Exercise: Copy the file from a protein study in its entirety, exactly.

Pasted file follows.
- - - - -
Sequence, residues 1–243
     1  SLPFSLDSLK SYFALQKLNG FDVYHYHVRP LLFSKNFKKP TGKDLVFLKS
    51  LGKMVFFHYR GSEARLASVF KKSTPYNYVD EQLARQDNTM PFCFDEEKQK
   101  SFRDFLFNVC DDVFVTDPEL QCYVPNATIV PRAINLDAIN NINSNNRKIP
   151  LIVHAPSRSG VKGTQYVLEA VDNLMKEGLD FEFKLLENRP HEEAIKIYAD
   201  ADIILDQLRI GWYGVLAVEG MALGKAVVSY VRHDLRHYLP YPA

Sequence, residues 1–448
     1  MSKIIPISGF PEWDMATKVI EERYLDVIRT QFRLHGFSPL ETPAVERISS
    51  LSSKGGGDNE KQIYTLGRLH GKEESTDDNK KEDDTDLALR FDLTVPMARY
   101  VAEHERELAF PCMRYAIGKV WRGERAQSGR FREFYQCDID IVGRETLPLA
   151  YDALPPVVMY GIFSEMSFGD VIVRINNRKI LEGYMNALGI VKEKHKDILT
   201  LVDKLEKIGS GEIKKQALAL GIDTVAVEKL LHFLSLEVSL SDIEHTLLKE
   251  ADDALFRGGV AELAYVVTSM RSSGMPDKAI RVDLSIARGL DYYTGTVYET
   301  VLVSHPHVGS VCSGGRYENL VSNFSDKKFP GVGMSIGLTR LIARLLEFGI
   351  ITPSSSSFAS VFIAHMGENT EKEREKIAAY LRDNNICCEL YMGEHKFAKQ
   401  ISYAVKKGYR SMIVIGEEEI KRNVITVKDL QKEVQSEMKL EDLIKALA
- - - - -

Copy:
Sequence, residues 1–243
     1  SLPFSLDSLK SYFALQKLNG FDVYHYHVRP LLFSKNFKKP TGKDLVFLKS
    51  LGKMVFFHYR GSEARLASVF KKSTPYNYVD EQLARQDNTM PFCFDEEKQK
   101  SFRDFLFNVC DDVFVTDPEL QCYVPNATIV PRAINLDAIN NINSNNRKIP
   151  LIVHAPSRSG VKGTQYVLEA VDNLMKEGLD FEFKLLENRP HEEAIKIYAD
   201  ADIILDQLRI GWYGVLAVEG MALGKAVVSY VRHDLRHYLP YPA

Sequence, residues 1–448
     1  MSKIIPISGF PEWDMATKVI EERYLDVIRT QFRLHGFSPL ETPAVERISS
    51  LSSKGGGDNE KQIYTLGRLH GKEESTDDNK KEDDTDLALR FDLTVPMARY
   101  VAEHERELAF PCMRYAIGKV WRGERAQSGR FREFYQCDID IVGRETLPLA
   151  YDALPPVVMY GIFSEMSFGD VIVRINNRKI LEGYMNALGI VKEKHKDILT
   201  LVDKLEKIGS GEIKKQALAL GIDTVAVEKL LHFLSLEVSL SDIEHTLLKE
   251  ADDALFRGGV AELAYVVTSM RSSGMPDKAI RVDLSIARGL DYYTGTVYET
   301  VLVSHPHVGS VCSGGRYENL VSNFSDKKFP GVGMSIGLTR LIARLLEFGI
   351  ITPSSSSFAS VFIAHMGENT EKEREKIAAY LRDNNICCEL YMGEHKFAKQ
   401  ISYAVKKGYR SMIVIGEEEI KRNVITVKDL QKEVQSEMKL EDLIKALA